You can find an all-in-one curriculum that meets your needs or take a more eclectic approach by using different curriculum for each subject. You can also find a lot of great lesson plans, and project ideas from the internet, Teachers Pay Teachers, and Pinterest.
Remember, school at home doesn’t have to replicate public school. You can learn through play, building, experiments, nature, and other manners.
You can including learning games, science experiments, and teach math concepts by using visual elements such as toys.
You do not have to do every subject everyday. For example: for our Kindergarten student, we do reading and math five days a week, and then alternate the remaining subjects.
Day 1 would be history, day 2 would be science, day 3 is art, day 4 is Spanish, and day 5 is Fun Friday (which means we play learning games, go on field trips, attend co-ops with other kids, do science experiments, etc.)
You can make a schedule that specifies what times each subject should be done during the day, but remember that the time the subject actually takes may be shorter or longer than what you plan for.
You can designate a room for homeschooling, do school from your couch, or take your school work outside to the park or beach, or even on vacation. That’s one of the best perks of being a homeschool family.
As a homeschooling mom, you need a break sometimes. It’s important to make a good routine to include self care because as a stay-at-home mom and homeschool mom, you will have little time to yourself.
Homeschooling elementary school
For the younger age group, you should make sure to include some quiet time in your homeschool schedule to give your kids and yourself a break during the day. If you have little ones, it can be during nap time.
You may want to include a read aloud time during Language Arts and then have quiet time after lunch.
A sample homeschool schedule for younger students might look like this:
Homeschooling middle school and high school
Homeschooling in middle school and high school becomes easier because your kids have become more independent and can do more on their own.
You can create a Google calendar and e-mail address for each child, then schedule their homeschool day ahead so they can just check their calendar each day.
They can use the e-mail address to send you finished assignments, or you can send them links to websites they may need for their lessons.
A homeschool day for older students may look like this:
Extracurricular activities for homeschool kids
Homeschooling has come a long way in the current day and age compared to how it used to be. Homeschool kids are no longer isolated at home with their families.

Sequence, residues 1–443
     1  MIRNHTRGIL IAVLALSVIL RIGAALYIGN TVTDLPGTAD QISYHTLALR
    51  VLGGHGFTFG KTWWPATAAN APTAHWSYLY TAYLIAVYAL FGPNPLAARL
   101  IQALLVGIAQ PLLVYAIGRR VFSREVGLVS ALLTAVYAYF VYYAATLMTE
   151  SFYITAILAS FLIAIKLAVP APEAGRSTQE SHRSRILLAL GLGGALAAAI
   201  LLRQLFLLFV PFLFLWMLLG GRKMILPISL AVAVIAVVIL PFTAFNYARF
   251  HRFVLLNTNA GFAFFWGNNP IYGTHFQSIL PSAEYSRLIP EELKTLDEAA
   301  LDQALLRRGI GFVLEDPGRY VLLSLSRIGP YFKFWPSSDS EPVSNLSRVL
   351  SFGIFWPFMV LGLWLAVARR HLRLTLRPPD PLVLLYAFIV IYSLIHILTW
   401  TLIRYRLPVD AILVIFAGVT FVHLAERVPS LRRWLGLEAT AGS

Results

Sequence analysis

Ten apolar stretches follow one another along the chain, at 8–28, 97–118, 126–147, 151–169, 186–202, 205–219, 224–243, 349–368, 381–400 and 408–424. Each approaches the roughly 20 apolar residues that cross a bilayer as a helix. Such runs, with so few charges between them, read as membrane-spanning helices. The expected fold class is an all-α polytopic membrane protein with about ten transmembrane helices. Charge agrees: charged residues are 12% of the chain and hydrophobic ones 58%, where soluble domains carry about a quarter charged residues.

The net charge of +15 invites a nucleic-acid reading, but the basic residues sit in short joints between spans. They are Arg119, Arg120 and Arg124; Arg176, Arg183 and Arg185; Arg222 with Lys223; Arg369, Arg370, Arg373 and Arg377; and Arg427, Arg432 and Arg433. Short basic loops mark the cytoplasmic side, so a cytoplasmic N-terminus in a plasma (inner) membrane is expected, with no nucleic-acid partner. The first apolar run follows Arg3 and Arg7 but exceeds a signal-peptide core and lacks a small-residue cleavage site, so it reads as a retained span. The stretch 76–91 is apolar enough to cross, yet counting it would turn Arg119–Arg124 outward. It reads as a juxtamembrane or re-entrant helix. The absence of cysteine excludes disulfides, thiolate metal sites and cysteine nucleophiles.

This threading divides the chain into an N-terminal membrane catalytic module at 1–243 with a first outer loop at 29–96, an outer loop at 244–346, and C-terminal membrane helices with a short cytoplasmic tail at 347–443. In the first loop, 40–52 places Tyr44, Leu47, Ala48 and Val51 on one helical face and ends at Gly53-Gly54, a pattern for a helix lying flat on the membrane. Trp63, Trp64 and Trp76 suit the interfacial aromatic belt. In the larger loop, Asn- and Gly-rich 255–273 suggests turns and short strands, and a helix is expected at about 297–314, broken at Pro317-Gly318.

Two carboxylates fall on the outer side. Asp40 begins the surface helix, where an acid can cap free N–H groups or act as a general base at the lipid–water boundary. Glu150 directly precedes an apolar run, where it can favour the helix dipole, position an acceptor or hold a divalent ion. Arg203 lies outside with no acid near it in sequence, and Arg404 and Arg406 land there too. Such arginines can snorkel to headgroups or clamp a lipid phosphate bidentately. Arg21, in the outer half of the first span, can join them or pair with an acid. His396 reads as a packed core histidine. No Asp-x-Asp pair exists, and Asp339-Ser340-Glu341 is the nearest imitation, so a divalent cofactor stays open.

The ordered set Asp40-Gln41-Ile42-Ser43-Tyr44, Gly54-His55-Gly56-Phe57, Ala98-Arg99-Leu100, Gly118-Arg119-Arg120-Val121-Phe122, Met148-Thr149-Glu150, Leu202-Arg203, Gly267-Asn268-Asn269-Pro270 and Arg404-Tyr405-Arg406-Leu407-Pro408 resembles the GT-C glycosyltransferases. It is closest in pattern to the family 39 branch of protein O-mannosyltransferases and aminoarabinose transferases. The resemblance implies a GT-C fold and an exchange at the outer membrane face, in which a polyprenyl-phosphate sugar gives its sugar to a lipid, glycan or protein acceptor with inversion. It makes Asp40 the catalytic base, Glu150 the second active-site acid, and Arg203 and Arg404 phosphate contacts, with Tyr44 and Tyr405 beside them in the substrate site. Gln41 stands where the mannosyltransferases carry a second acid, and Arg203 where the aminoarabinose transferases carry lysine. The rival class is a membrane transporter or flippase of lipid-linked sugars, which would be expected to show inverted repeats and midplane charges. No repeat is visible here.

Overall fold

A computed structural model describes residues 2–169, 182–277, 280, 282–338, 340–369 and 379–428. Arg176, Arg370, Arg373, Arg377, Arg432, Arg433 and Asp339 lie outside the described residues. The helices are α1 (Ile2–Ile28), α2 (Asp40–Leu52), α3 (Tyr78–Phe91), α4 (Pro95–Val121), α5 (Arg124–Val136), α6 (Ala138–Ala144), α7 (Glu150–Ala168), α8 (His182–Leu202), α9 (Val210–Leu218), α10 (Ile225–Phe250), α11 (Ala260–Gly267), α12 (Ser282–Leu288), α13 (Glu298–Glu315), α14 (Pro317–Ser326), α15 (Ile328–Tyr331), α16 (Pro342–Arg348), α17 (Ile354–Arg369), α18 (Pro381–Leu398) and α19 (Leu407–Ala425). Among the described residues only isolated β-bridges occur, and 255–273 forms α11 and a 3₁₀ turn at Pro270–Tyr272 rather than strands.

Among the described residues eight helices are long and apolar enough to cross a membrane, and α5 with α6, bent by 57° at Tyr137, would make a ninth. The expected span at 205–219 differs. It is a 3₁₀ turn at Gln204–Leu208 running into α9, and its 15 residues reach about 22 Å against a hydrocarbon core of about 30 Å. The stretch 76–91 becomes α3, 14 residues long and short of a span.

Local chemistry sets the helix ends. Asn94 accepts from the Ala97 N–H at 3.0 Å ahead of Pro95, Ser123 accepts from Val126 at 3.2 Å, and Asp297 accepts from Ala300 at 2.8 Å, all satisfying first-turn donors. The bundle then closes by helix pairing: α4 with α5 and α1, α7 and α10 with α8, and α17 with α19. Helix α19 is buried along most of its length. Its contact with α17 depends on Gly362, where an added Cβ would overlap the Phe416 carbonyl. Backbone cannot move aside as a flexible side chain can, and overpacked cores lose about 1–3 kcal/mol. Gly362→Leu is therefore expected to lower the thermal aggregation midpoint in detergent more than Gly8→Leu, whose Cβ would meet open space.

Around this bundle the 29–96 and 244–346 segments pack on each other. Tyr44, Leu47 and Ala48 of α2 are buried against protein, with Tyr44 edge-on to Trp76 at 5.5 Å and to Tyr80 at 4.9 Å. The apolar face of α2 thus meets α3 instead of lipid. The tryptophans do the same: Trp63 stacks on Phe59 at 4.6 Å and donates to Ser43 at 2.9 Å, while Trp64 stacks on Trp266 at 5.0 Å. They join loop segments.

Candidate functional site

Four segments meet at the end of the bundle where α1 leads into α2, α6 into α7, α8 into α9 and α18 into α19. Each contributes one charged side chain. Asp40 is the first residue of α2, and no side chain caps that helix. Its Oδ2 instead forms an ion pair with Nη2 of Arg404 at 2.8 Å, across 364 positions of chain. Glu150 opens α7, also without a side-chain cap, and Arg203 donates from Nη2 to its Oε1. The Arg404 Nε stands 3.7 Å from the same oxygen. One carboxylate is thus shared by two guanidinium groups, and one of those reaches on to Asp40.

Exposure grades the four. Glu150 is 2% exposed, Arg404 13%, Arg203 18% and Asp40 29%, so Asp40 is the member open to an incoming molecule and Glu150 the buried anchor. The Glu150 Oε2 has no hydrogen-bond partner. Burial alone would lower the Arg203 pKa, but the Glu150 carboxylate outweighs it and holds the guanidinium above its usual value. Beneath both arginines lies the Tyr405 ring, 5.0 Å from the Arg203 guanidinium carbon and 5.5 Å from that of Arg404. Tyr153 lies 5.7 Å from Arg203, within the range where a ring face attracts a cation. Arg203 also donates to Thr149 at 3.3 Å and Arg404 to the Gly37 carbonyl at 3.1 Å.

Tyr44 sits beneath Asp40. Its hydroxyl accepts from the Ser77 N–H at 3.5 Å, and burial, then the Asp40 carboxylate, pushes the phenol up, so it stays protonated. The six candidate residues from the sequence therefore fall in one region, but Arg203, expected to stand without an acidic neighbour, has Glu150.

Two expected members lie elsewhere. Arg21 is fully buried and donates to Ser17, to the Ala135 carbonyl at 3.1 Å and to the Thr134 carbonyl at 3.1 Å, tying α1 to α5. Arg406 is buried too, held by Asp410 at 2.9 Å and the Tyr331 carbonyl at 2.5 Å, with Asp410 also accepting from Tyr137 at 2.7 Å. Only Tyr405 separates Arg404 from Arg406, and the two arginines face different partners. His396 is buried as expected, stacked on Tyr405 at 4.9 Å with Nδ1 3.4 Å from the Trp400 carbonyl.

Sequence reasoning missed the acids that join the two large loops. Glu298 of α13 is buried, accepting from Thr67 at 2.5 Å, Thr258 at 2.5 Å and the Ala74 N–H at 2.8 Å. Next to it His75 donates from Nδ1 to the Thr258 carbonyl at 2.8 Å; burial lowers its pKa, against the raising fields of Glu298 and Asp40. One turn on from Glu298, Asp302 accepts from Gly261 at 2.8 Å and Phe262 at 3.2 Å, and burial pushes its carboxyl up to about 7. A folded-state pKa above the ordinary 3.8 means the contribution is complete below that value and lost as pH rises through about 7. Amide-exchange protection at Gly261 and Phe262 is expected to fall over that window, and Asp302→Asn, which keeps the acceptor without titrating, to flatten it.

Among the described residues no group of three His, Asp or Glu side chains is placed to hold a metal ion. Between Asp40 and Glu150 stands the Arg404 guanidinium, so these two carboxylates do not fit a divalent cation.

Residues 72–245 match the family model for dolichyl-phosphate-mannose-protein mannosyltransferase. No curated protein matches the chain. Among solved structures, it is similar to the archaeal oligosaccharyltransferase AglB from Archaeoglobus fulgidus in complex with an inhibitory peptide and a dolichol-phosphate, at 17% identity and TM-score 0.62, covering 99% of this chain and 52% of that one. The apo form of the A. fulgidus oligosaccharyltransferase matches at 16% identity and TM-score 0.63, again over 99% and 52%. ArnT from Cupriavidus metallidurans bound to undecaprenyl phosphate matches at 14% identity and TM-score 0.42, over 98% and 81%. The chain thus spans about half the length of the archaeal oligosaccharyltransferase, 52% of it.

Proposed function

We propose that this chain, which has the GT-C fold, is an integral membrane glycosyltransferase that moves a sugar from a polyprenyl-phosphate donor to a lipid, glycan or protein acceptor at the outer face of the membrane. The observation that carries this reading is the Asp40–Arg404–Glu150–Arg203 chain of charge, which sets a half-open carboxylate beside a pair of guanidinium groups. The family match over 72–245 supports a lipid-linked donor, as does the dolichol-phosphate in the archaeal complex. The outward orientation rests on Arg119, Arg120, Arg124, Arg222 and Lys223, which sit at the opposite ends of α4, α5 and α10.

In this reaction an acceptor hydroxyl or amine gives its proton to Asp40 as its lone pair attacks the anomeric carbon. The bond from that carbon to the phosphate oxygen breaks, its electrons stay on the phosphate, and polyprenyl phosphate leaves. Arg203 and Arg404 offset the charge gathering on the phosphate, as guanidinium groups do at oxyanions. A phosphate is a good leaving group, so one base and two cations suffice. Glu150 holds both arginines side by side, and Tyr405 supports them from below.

There are homeschool communities worldwide that you can join for your kids to make friends, and you can find like-minded families to grow with on this journey.
You can join homeschool classes, homeschool co-ops, and attend homeschool activity days (like park days, etc). If you search on Facebook, you can most likely find a Facebook group for homeschoolers in your local area to connect with.
Besides getting involved in homeschool communities, your kids can get involved with church, sports, music, theatre, 4H, scouts, and many other activities to make friends and explore their interests.
They can even make friends through virtual classes on Outschool. Outschool offers many classes for kids including academic subjects, as well as fun classes.
They have summer camp classes, one-on-one classes, and group classes. They have classes that are one time, once a week, or classes that run for a full semester.
Outschool classes can be in almost any subject such as art, gaming, foreign languages, exercising, music, escape rooms, circle time, robotics, and more. Get a $20 credit towards your first class on Outschool. (Make sure to check your e-mail to claim your credit.)
Get started with your free homeschool schedule template (pdf) below:
Grab the free printable schedule to get started with your own homeschool schedule.
Check out our homeschool curriculum choices
Do your back-to-school shopping with our Homeschool supply list.
Do you need more money to homeschool? Find a homeschool mom job.
Outschool offers virtual classes for kids of all ages. Get a $20 credit towards your first class on Outschool. (Make sure to check your e-mail to claim your credit.)
What does your homeschool schedule look like?